It was the biggest people's event in the history of Iowa - over ten thousand of us were there smoking dope, strolling around, lying in the grass, digging each other, and digging the music. Plenty of good rock and roll from the local bands (especially Parachute, Enoch Smoky, and the killer Free Dirt) helped keep people warm even though the temperature dipped below 40 degrees before the thing was over Sunday morning.
The Up's set started just before sundown when the cold winds started to really blow in and people were beginning to huddle close to each other. It took us a little longer than usual to get the people up on their feet and moving, but they began to forget the weather and get into the warmth of the music and their own bodies by the second last tune, Chuck Berry's "Bye Bye Johnnie. " Then "Just Like An Aborigine" began to do its thing to the crowd and lots of people started boogalooing and smiling like the sun was shining all over again.
At the end of "Aborigine" we started singing the "Free Marijuana!" chant (the one with the response pattern, like the Panthers "No More Pigs in Our Community" song). But this time the words were "Out of IndoChina!" (instead of "Free Marijuana" or "No More. . . "), and instead of answering "Free John!" (or "Smoke Dope!" or "Off the Pigs") the response was "Stop the War!" We went through a bunch of "Out of IndoChinas" and then some "Bring Our Brothers Home" and by the time we were singing the last call, "Free Everybody!" the people had it together real tight and were throwing fists in the air all over the place and jumping and dancing and screaming it out, "STOP THE WAR!, " "STOP THE WAR!," "STOP THE WAR!"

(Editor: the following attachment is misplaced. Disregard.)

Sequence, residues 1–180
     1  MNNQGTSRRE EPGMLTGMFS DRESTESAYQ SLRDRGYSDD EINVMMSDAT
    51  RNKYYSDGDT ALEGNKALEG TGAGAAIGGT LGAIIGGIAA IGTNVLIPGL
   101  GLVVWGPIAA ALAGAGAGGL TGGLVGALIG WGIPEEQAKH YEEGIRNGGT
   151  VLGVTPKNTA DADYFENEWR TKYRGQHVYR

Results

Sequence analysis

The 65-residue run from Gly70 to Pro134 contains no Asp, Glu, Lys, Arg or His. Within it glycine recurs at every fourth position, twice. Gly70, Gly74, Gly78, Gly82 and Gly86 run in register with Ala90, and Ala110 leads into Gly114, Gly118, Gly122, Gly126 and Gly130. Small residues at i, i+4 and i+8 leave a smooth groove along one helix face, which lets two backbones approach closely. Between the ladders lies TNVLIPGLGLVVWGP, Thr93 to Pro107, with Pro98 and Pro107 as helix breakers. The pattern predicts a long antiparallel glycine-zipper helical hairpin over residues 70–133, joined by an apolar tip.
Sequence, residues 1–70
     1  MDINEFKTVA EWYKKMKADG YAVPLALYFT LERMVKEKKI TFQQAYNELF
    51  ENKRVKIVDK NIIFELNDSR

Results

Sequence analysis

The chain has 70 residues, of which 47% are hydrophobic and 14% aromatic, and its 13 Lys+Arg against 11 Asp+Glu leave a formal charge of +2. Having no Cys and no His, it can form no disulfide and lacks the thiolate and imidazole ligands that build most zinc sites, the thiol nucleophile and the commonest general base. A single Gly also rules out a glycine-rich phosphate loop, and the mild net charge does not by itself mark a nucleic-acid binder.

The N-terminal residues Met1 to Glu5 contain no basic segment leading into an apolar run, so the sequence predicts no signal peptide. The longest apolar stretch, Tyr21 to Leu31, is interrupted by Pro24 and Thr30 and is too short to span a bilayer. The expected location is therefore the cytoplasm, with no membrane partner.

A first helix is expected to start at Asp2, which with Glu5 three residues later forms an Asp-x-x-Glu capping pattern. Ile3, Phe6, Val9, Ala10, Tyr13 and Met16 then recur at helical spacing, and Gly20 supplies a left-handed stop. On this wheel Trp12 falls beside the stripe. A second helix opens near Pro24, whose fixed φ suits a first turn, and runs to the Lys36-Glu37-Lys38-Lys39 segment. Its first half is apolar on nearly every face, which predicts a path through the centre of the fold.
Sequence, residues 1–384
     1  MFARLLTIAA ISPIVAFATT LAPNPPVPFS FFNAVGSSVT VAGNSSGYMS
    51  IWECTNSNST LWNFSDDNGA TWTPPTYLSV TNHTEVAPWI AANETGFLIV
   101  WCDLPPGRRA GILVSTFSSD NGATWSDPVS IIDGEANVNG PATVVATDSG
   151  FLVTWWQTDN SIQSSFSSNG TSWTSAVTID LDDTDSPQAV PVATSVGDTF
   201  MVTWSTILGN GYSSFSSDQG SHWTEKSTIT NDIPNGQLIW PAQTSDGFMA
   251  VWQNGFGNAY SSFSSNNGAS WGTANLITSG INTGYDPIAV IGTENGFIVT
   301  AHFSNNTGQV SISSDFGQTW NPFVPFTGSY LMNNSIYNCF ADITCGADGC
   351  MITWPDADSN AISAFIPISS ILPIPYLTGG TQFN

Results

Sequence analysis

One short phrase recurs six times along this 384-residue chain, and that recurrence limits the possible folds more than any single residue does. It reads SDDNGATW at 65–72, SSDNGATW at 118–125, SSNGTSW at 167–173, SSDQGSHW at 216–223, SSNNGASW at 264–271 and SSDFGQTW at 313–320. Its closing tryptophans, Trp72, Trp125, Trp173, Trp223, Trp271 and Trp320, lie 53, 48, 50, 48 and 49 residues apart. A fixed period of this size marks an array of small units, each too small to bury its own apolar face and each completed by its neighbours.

The whole thing reminded us a lot of an Ann Arbor Sunday Free Concert - a few thousand people on a hillside getting down with the music. But it was the first time that all of them had ever had anything like this, all by themselves. And it was all for free.
It had been a tremendous amount of effort making it happen, but they had done, we had done it, our people had done it again. And everybody got high off of that, off of the power of the people manifested in rock and roll music, and the righteous weed everybody was smoking, and what everybody was saying together--we want to be free, we want to stop the war so that everybody on the planet can be as free as they want to be!
It may have been a first for Iowa but it certainly won't be the last. And, clearly, the best way for free concerts like that to happen again and again is for people to organize themselves like we have in Ann Arbor to put on a whole program, a whole organized series, killer music events every week. It's a lot of work, but we have to have our music, just as we have to have our freedom, and we'll do whatever we have to do to get it all. WE ARE EVERYWHERE ! ! WE WILL WIN!!!